7 Ways to Reduce Stress and Prevent Burnout
Updated: Jun 3, 2022
Have you ever had one of those seasons where you felt like you just hit a brick wall?
Some time ago, I got on a call with one of my clients and noticed an immediate difference in her demeanor. She had always come to calls with a smile on her face and very positive and eager to get to work. But on this particular day there was no smile, and even her posture told me there was something weighing heavily on her. Her speech was slow and flat, like the energy had been sucked out of her.
When I checked in with her, she stated that she’d had a number of rough days and that she felt like she had hit a brick wall. She felt physically, mentally and emotionally exhausted. Her question to me was, ‘I think I am burnt out. How do I know and how can I get ahead of it?’
Fast forward a number of months and I am happy to report that this client DID bounce back and is practicing a few key habits to get ahead of it and stay out of it.
In this week’s blog:
What are the signs of burnout
Why we need to complete the stress cycle
Evidence based strategies to complete the stress cycle and prevent burnout
So what are the signs of burnout and how do you get ahead of it?
Emily and Amelia Nagoski in their book, Burnout, write that emotional exhaustion happens after you’ve spent too much time caring too much.
You know that feeling when you’re completely exhausted yet there’s that voice in the back of your mind saying you haven’t done enough?
I hear this all too often from women, especially those in the helping professions and who parent.
When it feels like you’re constantly trying to meet your own demands and expectations and those of your job, your family and your friends, it’s often a slippery slope that takes you from tired to stressed and anxious to emotional exhaustion.
Herbert Freudenberger’s 1975 clinical definition of burnout includes three components:
Decreased sense of accomplishment
Emotional exhaustion goes beyond tiredness and fatigue. You may feel drained, unable to cope and lack energy. Depersonalization means your capacity for compassion and empathy dwindle, it’s as if your well of caring has dried up. Add in a feeling of ‘nothing I do matters’ and you have a decreased sense of accomplishment.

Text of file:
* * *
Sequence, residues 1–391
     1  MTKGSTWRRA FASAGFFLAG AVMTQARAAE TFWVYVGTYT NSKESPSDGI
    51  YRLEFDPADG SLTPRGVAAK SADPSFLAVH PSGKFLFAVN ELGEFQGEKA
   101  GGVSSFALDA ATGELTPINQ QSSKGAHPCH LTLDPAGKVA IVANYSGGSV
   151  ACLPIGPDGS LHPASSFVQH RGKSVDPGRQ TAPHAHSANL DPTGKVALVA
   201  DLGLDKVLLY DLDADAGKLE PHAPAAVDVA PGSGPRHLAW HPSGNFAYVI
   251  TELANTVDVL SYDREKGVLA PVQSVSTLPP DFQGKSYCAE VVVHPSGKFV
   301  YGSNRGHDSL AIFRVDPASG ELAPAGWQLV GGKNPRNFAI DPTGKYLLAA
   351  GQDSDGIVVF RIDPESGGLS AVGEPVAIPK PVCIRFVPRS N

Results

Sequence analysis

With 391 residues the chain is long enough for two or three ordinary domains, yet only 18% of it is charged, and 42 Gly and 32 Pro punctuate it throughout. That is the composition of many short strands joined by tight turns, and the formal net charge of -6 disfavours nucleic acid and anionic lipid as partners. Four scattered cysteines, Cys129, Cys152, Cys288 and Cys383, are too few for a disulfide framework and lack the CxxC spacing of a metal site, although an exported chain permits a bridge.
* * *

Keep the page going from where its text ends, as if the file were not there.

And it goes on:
How does one exhaust emotions, you ask? Well, it happens when we get emotionally stuck.
The Nagoski sisters explain the emotional experience to be like a tunnel. When you experience the same emotions day in and day out, day after day, there is no satisfactory ending to that feeling and it is like being stuck in an emotional tunnel with no relief.
It’s no wonder that people in jobs or roles that require helping and caring report high levels of burnout (52% of the medical profession). And it may come as no surprise that parental burnout is a fast growing phenomenon. Add in being part of a sandwich generation of caring for aging parents while parenting and grandparenting - that’s a recipe for burnout if you aren’t intentional about preventing it.
Why We Need to Complete the Stress Cycle
There is a very scientific reason why stress tends to get stuck in our bodies and why, if left unchecked, it can be dangerous to our health.
Stress is a neurological and physiological response triggered by a real or perceived threat (our bodies react the same whether the trigger is real or imagined!). The neurological and hormonal responses to this threat are designed to help us do one thing: run for safety!